I just had a blast watching the Buck Rogers serial from 1939. Divided up into twelve twenty minute segments, the serial originally played before the feature film that the audience had payed for. Full of guts, fists and action Buck Rogers didn’t disappoint.
Larry “Buster” Crabbe, the king of serials, took the lead role as Buck Rogers who was backed up by his sidekick Buddy Wade and Lt. Wilma Deering. In this version, Buck Rogers crashes a dirigible among snowy mountains in 1940 and is locked in suspended animation by a special gas until 2440. His copilot Buddy Wade revives with him. Brought back to the Hidden City, Buck meets Lt. Wilma Deering and Dr. Huer who tell him about how the Hidden City is the last pocket of resistance against the ruthless Killer Kane.
Killer Kane’s ships control the skies but Buck isn’t frightened for a minute. Joining the Hidden City’s forces, Buck breaks through Kane’s ships and reaches the High Council of Saturn. After putting an end to Kane’s trickery Buck enlists the aid of the Saturnians and infiltrates Kane’s stronghold to free the men who have been reduced to robots by Kane’s mind controlling helmets. After leading the charge against the tyrant Buck is made the leader of Earth’s new air force and his sidekick Buddy is promoted to serve beside him.
The serial had a shoestring budget so the special effects, sets and props look poor. But, just like Buck himself, Hollywood had a lot of guts back then. With paltry special effects we have a science-fiction story involving spaceship battles, visits to other planets and plenty of ray guns. Fifty years later very few studios wanted to make science-fiction stories over fears that their special effects wouldn’t be good enough.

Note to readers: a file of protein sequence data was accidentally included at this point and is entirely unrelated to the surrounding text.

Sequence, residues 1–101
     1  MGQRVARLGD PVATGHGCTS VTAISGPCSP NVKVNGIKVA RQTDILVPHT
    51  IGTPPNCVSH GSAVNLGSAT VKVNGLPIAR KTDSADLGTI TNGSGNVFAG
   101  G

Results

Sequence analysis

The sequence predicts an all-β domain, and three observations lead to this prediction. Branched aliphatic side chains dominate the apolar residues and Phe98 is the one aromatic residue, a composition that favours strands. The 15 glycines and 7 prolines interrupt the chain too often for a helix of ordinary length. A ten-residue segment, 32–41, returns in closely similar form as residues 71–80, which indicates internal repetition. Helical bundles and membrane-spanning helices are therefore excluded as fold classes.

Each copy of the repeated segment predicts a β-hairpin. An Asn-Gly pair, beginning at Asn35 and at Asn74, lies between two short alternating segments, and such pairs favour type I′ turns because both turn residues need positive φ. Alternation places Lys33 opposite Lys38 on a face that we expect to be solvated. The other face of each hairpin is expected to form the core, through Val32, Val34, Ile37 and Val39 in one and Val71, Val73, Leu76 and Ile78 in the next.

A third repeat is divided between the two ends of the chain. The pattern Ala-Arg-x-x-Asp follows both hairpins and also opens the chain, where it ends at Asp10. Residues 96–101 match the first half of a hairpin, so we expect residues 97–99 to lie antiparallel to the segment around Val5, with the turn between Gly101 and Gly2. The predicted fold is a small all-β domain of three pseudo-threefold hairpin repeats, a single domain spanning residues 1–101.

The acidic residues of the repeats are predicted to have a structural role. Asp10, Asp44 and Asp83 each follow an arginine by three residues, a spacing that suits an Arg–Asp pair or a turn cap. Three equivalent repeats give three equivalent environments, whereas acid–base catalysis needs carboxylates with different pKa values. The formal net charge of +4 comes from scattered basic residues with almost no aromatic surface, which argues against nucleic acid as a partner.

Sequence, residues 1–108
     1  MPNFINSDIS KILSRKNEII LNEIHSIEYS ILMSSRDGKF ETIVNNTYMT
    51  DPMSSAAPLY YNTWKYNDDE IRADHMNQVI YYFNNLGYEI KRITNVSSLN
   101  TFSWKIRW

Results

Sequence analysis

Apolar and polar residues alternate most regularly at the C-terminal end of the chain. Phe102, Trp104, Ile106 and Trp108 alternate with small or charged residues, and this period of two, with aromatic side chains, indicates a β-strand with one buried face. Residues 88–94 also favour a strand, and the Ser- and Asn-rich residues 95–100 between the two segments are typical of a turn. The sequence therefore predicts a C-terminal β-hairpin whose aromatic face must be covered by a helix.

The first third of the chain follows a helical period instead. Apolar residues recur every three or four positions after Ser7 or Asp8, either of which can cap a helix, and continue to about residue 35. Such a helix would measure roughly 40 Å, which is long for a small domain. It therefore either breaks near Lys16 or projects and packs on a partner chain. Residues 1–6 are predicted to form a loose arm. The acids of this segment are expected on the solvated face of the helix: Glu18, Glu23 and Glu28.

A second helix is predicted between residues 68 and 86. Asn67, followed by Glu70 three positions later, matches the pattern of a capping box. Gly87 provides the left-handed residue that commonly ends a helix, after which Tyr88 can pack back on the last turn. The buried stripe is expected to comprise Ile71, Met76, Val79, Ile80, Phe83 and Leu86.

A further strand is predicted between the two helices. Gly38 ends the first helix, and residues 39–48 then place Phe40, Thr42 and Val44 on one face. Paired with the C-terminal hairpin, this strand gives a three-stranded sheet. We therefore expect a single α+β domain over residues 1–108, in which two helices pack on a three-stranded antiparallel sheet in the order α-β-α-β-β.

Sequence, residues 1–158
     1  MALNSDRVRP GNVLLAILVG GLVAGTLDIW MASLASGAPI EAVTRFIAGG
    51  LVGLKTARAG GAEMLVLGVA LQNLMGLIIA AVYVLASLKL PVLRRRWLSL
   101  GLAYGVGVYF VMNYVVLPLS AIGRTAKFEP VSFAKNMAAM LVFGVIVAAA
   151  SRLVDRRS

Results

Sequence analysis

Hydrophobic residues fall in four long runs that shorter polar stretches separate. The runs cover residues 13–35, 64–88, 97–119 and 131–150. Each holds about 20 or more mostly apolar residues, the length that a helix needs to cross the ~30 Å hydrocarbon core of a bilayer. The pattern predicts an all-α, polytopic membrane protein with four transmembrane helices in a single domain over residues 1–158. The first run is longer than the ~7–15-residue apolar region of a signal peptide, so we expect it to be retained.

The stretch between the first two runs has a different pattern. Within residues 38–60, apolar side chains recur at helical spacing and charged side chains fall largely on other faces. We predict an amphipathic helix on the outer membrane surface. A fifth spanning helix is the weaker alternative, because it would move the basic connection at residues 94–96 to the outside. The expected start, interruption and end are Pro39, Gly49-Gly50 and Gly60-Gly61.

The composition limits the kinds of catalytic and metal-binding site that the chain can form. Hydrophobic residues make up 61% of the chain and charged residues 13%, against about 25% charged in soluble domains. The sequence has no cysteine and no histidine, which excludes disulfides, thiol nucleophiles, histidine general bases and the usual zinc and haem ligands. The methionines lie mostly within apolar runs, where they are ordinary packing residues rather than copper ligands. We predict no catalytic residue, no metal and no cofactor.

A few failings were hard to overlook. Although I loved the buzzsaw sound of the rocket engines, the spaceships were awkward-looking and ugly. People were knocked unconscious often and too easily. Ray guns that would normally be used to kill opponents were often set to stun. The surface of Saturn not only looked a lot like southern California but had solid ground and a breathable atmosphere(!). But these shortcomings didn’t spoil the story. The action and optimism swept me along. I enjoyed the story and the attitudes that permeated each scene. These characters were never afraid of the opposition. They were never at a loss for ideas. They always assumed that they could either find the right idea or hang in until help arrived. I wish modern science-fiction movies could take some cues from the classics.
One really interesting thing about this film is the use of the word “robot.” The word had not yet been firmly established in the minds of the public in 1939. When Killer Kane’s men put mind controlling helmets on captives the captives lose all of their memories along with their free will. They become listless and follow orders. In this condition, they are called “robots” even though they have no mechanical parts at all. When the helmet is removed the captive returns to normal and is no longer a “robot.”
From the standpoint of a true science-fiction fan I wished that more attention to detail had been allowed to enter the story. The technology of 500 years in the future didn’t seem that different from 1939. The airplanes fly farther and faster, the parachutes are more portable and the radios work over greater differences but no revolutionary new technologies had transformed society. The breakneck pace doesn’t allow any time to look at Buck and Buddy adjusting to a world 500 years removed from their own. Buck is enlisted right away into the Hidden City’s military and no mention is made of training.
Still, all points considered, Buck Rogers was a lot of fun to watch. If you have the time and the inclination, I’d give this serial a try. It fits on to just one DVD.